Rainfall changes caused by global warming will increase river flooding risks across the globe by the 2040s, says a new study.
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A new study projects that in coming decades the effects of high humidity in many areas may surpass humans’ ability to work or, in some cases, even survive.
Columbia University President Lee C. Bollinger today announced his appointment of Alexander N. Halliday, a geochemistry professor at University of Oxford and vice president of the UK’s Royal Society, as the new Director of Columbia’s Earth Institute.
Plastics made from organic material are often touted as being eco-friendly, but do they live up to the hype?
A plankton-like species is attacking the base of the food chain in the Arabian sea, disrupting water quality and killing fish. Researchers at the Lamont-Doherty Earth Observatory are learning how to fight back.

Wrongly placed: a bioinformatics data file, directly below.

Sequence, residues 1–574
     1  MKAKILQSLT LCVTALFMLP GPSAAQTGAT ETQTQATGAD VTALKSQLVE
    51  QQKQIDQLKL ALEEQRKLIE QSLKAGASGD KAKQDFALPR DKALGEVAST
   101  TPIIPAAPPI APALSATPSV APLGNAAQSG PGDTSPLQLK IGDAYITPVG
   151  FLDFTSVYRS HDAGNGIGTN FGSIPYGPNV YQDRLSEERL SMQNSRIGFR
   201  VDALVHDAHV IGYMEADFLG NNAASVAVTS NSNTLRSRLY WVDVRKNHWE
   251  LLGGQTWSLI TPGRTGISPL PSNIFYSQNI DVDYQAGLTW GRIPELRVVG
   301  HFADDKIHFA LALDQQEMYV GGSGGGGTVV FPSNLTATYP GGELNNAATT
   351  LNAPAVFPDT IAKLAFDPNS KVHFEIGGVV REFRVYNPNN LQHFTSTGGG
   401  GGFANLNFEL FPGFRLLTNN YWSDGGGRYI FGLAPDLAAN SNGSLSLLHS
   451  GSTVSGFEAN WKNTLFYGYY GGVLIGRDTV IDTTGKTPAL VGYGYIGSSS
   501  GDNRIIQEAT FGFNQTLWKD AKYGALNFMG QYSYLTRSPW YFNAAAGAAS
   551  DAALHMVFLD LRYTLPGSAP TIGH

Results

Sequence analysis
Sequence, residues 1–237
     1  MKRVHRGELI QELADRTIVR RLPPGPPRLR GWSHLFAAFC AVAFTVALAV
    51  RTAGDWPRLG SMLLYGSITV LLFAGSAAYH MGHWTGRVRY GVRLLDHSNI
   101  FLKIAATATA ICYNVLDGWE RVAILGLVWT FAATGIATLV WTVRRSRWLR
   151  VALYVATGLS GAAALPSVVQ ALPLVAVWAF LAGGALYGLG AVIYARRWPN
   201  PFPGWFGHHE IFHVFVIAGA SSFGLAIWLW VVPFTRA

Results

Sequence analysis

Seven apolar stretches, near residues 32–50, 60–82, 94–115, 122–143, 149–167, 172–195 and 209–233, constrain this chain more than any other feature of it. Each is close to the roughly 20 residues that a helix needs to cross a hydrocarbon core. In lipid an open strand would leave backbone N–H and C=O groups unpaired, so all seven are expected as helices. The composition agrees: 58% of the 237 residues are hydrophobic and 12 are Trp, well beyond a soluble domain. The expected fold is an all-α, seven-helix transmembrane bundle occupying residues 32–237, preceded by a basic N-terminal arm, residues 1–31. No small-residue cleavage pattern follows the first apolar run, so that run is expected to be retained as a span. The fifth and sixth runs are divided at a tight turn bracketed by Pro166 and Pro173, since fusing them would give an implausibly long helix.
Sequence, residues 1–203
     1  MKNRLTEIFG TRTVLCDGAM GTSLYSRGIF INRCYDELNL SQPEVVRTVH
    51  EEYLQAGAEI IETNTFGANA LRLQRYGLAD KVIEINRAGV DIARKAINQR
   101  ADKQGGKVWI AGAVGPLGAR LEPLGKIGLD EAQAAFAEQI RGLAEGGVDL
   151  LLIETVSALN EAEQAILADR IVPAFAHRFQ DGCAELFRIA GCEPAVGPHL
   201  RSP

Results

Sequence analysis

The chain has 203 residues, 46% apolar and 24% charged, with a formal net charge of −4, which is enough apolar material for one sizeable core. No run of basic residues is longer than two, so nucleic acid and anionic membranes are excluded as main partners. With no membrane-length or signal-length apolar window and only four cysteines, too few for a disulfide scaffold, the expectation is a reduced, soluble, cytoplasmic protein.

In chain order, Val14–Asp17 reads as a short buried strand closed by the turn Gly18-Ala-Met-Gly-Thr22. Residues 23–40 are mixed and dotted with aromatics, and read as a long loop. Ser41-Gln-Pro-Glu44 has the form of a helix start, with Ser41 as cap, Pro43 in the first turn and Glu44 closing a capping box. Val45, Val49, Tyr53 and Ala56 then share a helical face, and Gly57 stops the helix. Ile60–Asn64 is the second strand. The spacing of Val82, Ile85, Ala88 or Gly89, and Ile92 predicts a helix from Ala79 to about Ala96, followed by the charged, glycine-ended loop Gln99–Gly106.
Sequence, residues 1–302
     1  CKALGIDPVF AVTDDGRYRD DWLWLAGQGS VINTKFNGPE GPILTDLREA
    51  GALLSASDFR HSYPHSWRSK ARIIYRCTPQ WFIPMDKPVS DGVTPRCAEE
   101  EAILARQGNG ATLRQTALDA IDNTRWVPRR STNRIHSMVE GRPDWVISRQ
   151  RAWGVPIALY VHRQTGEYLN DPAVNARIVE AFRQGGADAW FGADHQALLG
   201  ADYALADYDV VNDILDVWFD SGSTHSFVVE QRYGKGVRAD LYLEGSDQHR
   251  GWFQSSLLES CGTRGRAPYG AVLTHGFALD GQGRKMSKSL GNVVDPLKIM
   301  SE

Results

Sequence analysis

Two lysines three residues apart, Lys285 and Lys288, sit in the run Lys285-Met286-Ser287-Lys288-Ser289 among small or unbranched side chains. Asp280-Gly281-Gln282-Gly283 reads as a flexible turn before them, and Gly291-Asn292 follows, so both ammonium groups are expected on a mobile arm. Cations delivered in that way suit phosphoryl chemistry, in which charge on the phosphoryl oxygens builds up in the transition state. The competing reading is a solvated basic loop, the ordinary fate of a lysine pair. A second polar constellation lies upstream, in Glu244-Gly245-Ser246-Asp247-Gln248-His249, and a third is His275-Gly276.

Puerto Rico suffered an estimated $94 billion or more in damage, on top of an already sagging economy and $74 billion in debt. The island needs a total reboot. Can it do it sustainably?
Seismologist Lynn Sykes has been working for more than 50 years to halt the testing of nuclear bombs. In his forthcoming book, Silencing the Bomb: One Scientist’s Quest to Halt Nuclear Testing, Sykes provides an insider’s look at the science behind detecting explosions, and international efforts to establish a series of treaties.
Get a sneak peek at the major takeaways from The Sustainable City, the latest book by Earth Institute executive director Steve Cohen. Available now from Columbia University Press.
Human-influenced climate warming has already reduced rainfall and increased evaporation in the Mideast, worsening water shortages. Up to now, climate scientists had projected that rainfall could decline another 20 percent by 2100. But the Dead Sea cores suggest that things could become much worse, much faster.
Like Big Tobacco, fossil fuel companies have knowingly sold a product that causes harm while covering up and distorting the truth. Can they be sued for climate-related damages?